When an individual decides to enter the professional world of counseling, therapy, social work, or any of the mental health professions in general, it is usually assumed that that individual has a high level of empathy; otherwise, why would he or she choose that profession?
And although this assumption may seem correct on it’s face, research has confirmed that therapists who display more empathy toward their patients have a higher success rate.
“One of the largest determinants of client outcomes is the counselor who provides treatment,” writes researchers at the American Psychological Association in 2012. “In particular, the therapeutic skill of accurate empathy originally described by Carl Rogers has been found to account for a meaningful proportion of variance in therapeutic alliance and in addiction treatment outcomes.” The authors conclude: “High-empathy counselors appear to have higher success rates regardless of theoretical orientation. Low-empathy and confrontational counseling, in contrast, has been associated with higher drop-out and relapse rates, weaker therapeutic alliance, and less client change.”
In other words, the authors are saying, therapists who have higher levels of empathy are usually more successful with clients. This is something for up-and-coming mental health professionals to bear in mind.
But what does “empathy” mean?
The authors of the abovementioned study note: “The term empathy has many meanings, and it can be difficult to differentiate it from other relationship elements such as acceptance and warmth. We are focusing here on what Carl Rogers and his students described as accurate empathy. This is a specific therapeutic skill that includes a commitment to understanding the client’s personal frame of reference and the ability to convey this heard meaning back to the client via reflective listening.”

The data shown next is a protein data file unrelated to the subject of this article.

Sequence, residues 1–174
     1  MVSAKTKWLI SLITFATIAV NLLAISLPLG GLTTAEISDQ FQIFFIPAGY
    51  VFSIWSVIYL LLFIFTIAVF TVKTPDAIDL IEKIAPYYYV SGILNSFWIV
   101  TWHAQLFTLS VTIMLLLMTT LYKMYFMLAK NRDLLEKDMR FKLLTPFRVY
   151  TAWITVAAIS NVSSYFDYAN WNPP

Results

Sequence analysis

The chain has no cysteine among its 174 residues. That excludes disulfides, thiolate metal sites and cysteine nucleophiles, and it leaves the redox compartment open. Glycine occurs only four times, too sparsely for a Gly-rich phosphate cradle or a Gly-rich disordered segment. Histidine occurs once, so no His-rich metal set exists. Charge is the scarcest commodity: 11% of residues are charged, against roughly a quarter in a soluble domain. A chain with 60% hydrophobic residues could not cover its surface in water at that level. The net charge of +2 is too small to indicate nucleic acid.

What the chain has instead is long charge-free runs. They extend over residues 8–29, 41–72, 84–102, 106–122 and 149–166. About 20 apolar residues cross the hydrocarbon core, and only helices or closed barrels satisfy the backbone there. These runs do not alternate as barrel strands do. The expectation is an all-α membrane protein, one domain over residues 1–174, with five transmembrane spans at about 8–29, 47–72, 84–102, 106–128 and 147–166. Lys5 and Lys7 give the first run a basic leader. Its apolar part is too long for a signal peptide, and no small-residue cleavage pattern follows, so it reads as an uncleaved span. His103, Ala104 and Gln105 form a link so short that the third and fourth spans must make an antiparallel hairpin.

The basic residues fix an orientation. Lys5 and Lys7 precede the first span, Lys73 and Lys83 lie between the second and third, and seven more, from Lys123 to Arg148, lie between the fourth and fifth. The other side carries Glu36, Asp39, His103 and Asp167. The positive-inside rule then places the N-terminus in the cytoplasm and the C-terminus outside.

Although empathy toward clients in a therapeutic context may not always be easily achieved, the authors of the study assert its usefulness. They make clear, “Clinicians are clearly different from each other in the amount of empathy they typically convey in treatment sessions, but there are also differences within clinicians depending on client characteristics. It may be easier to be empathic with some clients than with others. Nevertheless,” the authors say, “focusing on the clinician’s contribution to the empathic process is important because it is clinicians, and not clients, who are tasked with improving the quality of therapeutic interactions.”
Although it may seem like a good idea for a mental health professionals, counselors, or therapists to have empathy, research by the American Psychological Association confirms it. In sum, clinicians who display higher levels of empathy toward their clients, put simply, have higher success rates with those clients. Finally, although theoretical orientation remains important—as well as other variables—something as simple as empathy can have a dramatic impact.
Moyers, T. B., Miller, W. R. (2012). Is Low Therapist Empathy Toxic? Psychology of Addictive Behaviors, 23(3), 878 – 884.